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McEwan v. State

Supreme Court of Wyoming

June 14, 2018

DEBORA McEWAN, Appellant (Defendant),
v.
THE STATE OF WYOMING, Appellee (Plaintiff).

          Appeal from the District Court of Big Horn County The Honorable Steven R. Cranfill, Judge

          Representing Appellant: Office of the State Public Defender: Diane M. Lozano, State Public Defender; Tina N. Olson, Chief Appellate Counsel; Desiree Wilson, Senior Assistant Appellate Counsel.

          Representing Appellee: Peter K, Michael, Wyoming Attorney General; Christyne M. Martens, Deputy Attorney General; Caitlin Harper, Senior Assistant Attorney General; Katherine A. Adams, Assistant Attorney General.

          Before BURKE, C.J., and DAVIS, FOX, KAUTZ, and BOOMGAARDEN, JJ.

          FOX, Justice.

         [¶1] After Debora McEwan pleaded no contest to obtaining welfare benefits by misrepresentation, the district court fixed restitution at $18, 733, but did not order Ms. McEwan to pay it. Nevertheless, the district court allowed the State to reduce $18, 733 to a civil judgment, which Ms. McEwan challenges. We vacate the erroneous portions of the district court's order and remand for entry of an order conforming to statutory guidelines.

         ISSUES

         [¶2] 1. Did the district court erroneously allow the State to reduce $18, 733 to a civil judgment? 2. Was the district court required to find that Ms. McEwan lacked an ability to pay restitution in the future in order to avoid ordering restitution?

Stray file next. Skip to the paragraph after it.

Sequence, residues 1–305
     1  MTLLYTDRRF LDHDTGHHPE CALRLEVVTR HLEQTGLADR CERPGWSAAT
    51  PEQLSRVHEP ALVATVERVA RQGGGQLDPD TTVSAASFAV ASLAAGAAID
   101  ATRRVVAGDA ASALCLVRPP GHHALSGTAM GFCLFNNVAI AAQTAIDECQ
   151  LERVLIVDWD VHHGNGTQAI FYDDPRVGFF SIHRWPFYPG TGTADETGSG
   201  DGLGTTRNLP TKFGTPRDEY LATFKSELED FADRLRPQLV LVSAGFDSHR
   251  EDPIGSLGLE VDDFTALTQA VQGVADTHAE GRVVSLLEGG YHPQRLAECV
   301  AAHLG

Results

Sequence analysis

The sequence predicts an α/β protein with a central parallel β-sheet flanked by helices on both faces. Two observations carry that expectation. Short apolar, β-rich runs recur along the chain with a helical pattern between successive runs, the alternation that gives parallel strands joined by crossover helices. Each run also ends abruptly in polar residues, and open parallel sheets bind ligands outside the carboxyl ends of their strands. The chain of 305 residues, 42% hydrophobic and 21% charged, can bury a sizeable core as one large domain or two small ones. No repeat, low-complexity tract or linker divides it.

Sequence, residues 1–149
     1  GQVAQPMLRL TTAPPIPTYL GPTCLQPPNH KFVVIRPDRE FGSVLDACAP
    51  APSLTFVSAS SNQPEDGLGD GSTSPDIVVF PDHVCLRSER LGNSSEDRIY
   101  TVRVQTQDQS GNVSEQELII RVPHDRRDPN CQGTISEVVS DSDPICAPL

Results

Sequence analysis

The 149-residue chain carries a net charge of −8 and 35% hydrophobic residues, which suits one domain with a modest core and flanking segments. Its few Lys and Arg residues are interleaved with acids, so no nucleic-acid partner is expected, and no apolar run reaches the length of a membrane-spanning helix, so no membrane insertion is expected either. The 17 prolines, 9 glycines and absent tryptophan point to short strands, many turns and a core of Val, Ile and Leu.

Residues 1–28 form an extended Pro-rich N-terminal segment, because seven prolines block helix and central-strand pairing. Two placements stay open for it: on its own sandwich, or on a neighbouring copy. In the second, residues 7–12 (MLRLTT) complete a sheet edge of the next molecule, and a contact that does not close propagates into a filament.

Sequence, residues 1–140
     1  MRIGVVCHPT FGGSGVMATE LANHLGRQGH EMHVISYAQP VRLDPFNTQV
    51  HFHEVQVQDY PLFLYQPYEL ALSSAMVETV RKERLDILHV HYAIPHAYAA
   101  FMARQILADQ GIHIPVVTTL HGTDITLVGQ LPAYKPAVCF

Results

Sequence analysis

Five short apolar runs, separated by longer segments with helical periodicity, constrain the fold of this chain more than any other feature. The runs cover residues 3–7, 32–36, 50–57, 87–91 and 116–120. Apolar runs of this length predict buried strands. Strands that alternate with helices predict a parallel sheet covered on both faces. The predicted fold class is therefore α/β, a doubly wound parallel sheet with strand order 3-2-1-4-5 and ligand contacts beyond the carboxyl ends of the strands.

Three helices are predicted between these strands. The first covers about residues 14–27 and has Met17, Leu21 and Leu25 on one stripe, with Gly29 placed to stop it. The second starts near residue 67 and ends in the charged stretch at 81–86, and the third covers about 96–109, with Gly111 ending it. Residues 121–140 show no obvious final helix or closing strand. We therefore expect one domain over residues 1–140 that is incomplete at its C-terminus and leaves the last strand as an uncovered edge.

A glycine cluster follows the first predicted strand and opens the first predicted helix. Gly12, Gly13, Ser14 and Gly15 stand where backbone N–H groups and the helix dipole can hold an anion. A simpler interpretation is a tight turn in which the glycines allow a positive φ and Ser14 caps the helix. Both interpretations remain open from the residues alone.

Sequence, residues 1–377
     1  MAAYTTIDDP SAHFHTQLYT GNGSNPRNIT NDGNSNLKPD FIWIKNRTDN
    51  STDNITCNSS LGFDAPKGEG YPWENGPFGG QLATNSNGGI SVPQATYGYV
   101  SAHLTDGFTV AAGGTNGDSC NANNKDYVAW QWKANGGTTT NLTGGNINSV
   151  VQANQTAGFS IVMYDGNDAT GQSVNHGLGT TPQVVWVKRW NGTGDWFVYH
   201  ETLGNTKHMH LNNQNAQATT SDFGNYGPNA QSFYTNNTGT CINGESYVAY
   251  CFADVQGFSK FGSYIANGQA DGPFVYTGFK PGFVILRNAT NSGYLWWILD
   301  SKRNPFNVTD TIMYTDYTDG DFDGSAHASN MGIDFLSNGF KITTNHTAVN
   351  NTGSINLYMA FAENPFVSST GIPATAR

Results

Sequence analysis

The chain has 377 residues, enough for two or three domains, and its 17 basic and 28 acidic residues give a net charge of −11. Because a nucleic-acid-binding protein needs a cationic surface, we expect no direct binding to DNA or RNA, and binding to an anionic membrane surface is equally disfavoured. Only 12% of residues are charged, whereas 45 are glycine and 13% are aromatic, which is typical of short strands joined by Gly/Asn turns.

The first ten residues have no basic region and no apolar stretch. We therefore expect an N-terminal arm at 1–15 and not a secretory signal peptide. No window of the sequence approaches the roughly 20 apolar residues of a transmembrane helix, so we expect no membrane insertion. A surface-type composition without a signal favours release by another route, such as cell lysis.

FACTS

         [¶3] In 2010, the State charged Ms. McEwan with three felonies for obtaining public welfare benefits by misrepresentation.[1] The facts supporting the charges are set out in our first review of this case, McEwan v. State, 2013 WY 158, ¶¶ 4-16, 314 P.3d 1160, 1163-65 (Wyo. 2013), and need not be repeated here. Following Ms. McEwan's no-contest plea to one of the three charges, the district court fixed restitution at $18, 733. Ms. McEwan filed a motion requesting that the district court find she was unable to pay the restitution. At a hearing on the motion, Ms. McEwan presented evidence that the Social Security Administration had declared her to be disabled, she lived on a fixed income, and she had recently been granted a discharge in Chapter 7 bankruptcy proceedings. The prosecutor acknowledged that the State had no evidence to rebut Ms. McEwan's current inability to pay restitution. However, the prosecutor pointed out that Ms. McEwan may have the ability to pay restitution in the future:

. . . certainly the State would ask that Ms. McEwan be required to pay [restitution] . . . [and] if the Court determines that there is an inability to pay, at this time, certainly the State would ask that this be reduced to a judgment, that the victim could be given a right to any type of civil remedy at any later date, that would include whether it was garnishment or seizure of property, if that were to come available.

         [¶4] At the end of the hearing, the district court stated:

I don't think it is probably unreasonable to [find Ms. McEwan unable to pay]; but likewise, I don't think the State's request is unreasonable.
Situations change all the time and in the event that it does, I think the State should clearly have the right to come back civilly and attempt to collect that. So I am going to grant your request but I am also going to allow the State ...

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